Liturgical Music Terminology

Although music has no doubt been an important part of life for many cultures since antiquity, it was in the hands of the Western Christian Church that music underwent important developments that were to send it on a series of courses leading ultimately to classical forms and then on to influence today’s myriad of musical styles. It was in the hands of the church that musical notation was invented and then refined.

Doxology – This term refers to a short prayer or hymn of praise that extols the glory and majesty of God.

Prelude – An introductory performance or piece of music

that precedes a principal matter or event is called a prelude. It is oftentimes the music opening a church service or an introductory voluntary.

Interlude – This is a musical composition inserted between the parts of a longer composition or a religious service.

Postlude – This is the instrumental music played at the end of a church service or a performance.

Oratorio – It is a musical composition for solo voices, chorus, orchestra, and organ, to a religious text generally taken from Holy Scripture. The most prolific oratorio composers are Georg Freidrich Handel and Johann Sebastian Bach. The most famous oratorio ever written is Handel’s Messiah.

Chorale – This is originally a hymn of the Lutheran church sung by the entire congregation.

Spirituals – It is a term used for religious folk songs, usually of a

deeply emotional character, created and first sung by African Americans in slavery.

Hymn – It is a type of song, specifically written for the purpose of praise, adoration or prayer. It is commonly used both in private devotions and in corporate worship.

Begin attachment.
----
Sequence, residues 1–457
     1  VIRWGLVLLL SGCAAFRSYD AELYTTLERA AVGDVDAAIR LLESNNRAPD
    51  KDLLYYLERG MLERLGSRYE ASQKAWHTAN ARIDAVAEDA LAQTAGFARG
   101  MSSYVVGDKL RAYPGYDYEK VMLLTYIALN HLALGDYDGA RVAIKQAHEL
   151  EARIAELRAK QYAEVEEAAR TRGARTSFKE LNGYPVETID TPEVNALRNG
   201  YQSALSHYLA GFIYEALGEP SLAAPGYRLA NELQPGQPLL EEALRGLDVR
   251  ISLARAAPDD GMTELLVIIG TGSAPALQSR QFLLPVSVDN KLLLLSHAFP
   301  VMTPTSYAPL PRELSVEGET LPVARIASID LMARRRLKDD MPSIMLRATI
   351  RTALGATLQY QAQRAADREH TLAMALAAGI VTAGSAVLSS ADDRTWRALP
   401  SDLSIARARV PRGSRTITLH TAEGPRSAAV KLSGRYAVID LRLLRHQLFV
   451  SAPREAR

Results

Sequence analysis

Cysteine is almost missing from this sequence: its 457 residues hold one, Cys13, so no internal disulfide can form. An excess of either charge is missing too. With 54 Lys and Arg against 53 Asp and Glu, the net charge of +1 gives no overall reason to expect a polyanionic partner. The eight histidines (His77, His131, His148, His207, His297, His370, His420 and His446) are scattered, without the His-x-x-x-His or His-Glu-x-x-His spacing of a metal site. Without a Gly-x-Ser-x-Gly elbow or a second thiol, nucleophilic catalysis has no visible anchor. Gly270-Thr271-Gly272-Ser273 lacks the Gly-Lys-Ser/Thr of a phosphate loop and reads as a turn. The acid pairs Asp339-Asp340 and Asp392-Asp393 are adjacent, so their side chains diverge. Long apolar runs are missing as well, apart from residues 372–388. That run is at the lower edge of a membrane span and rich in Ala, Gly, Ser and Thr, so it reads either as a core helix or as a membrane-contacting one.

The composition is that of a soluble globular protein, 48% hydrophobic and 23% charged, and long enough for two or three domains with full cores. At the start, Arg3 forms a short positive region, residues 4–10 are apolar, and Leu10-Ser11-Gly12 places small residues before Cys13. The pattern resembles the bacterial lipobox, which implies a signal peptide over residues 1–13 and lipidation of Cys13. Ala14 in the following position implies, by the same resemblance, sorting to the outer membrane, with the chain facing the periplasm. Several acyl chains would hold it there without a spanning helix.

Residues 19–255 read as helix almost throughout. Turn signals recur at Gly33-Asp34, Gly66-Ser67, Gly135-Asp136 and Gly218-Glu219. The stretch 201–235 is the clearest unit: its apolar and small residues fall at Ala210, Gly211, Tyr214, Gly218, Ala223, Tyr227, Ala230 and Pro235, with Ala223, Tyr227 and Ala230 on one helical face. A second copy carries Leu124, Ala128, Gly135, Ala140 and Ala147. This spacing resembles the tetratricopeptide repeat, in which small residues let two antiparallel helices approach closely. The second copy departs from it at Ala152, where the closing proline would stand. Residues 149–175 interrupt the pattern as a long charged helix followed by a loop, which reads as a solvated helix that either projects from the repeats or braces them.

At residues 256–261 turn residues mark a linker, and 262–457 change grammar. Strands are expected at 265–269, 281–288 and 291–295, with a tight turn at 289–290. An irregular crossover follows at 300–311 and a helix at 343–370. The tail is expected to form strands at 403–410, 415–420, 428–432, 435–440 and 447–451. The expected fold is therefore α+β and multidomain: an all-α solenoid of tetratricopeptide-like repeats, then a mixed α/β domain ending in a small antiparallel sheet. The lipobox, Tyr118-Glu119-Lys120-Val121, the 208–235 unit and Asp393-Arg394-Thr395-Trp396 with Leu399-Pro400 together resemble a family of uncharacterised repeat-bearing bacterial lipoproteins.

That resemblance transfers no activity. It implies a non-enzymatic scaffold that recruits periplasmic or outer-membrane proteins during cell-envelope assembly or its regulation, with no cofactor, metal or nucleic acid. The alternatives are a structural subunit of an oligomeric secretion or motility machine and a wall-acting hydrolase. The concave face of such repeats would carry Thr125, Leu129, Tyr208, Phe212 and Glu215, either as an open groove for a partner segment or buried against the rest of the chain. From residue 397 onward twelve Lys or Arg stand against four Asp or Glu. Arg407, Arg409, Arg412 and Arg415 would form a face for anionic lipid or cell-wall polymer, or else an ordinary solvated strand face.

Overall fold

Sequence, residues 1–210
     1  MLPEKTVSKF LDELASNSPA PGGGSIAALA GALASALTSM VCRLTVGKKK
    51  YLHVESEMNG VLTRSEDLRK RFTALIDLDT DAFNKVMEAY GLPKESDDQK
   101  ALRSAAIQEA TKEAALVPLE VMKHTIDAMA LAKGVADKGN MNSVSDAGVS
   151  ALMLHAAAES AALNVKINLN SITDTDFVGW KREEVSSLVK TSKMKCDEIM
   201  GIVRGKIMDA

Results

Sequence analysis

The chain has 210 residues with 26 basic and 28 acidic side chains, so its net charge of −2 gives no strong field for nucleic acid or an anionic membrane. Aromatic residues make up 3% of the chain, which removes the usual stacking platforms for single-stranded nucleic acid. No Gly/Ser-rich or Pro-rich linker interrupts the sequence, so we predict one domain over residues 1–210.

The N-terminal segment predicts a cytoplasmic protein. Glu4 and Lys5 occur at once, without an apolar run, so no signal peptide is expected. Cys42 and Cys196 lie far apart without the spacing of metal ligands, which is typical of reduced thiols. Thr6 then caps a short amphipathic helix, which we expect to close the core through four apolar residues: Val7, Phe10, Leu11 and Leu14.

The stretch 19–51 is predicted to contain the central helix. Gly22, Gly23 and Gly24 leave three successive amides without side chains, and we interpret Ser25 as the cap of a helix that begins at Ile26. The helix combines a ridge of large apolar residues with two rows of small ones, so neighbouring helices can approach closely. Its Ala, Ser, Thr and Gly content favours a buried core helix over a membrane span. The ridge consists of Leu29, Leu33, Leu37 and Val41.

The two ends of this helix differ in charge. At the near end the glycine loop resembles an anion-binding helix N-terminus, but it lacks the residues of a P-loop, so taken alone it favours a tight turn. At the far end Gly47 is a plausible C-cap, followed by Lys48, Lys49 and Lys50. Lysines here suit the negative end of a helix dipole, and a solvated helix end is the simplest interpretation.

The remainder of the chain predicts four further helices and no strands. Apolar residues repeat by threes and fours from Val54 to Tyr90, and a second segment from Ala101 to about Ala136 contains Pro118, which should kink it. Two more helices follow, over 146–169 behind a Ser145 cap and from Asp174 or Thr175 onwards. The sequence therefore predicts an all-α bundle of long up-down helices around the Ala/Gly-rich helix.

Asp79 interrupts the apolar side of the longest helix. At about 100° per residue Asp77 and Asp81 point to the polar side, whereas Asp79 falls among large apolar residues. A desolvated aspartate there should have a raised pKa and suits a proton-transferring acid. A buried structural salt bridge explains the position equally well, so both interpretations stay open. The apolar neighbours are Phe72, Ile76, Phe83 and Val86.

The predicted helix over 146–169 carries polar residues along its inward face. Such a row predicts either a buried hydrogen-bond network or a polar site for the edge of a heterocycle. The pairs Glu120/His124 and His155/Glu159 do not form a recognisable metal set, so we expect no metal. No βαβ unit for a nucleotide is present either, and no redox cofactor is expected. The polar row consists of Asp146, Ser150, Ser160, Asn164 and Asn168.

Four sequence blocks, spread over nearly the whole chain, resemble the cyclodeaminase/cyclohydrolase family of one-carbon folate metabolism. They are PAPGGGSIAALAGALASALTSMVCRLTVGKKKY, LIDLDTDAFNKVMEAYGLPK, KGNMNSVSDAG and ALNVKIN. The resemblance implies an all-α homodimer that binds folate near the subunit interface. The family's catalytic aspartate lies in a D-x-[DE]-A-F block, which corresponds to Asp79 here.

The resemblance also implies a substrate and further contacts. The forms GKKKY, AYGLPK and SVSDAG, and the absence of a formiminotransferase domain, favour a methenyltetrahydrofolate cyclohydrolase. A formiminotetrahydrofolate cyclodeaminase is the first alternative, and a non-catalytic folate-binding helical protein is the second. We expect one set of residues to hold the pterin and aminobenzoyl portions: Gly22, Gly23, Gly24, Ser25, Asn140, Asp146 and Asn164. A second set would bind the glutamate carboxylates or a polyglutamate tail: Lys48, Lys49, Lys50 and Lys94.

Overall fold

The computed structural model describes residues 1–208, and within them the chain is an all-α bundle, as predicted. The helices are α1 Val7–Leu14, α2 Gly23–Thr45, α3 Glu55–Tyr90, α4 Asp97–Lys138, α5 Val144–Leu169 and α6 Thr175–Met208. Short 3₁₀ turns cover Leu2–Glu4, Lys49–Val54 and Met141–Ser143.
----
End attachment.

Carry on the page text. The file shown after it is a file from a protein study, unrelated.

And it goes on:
Magnificat – (latin) Mary’s song of praise saying, “My soul doth magnify the Lord, and my spirit hath rejoiced in God my Saviour.” – Luke 1:46-55. incorporated into the liturgical services of the Western churches (at Vespers) and of the Eastern Orthodox churches (at the morning services).

Requiem – It is a musical composition with a theme of prayer for salvation and redemption commonly used in masses immediately preceding a burial, and on occasions of more general remembrance.

Contemporary church music – This is a genre of popular music defined by its lyrical content performed for many purposes, ranging from aesthetic pleasure, religious or ceremonial purposes, or as an entertainment product for the marketplace. However, a common theme is praise, worship or thanks to God and/or Christ.


Article Written By Athena

Freelance writer since 2007 Content Provider Musician Educator Homeschooling WAHM

Last updated on 14-05-2016 55 0

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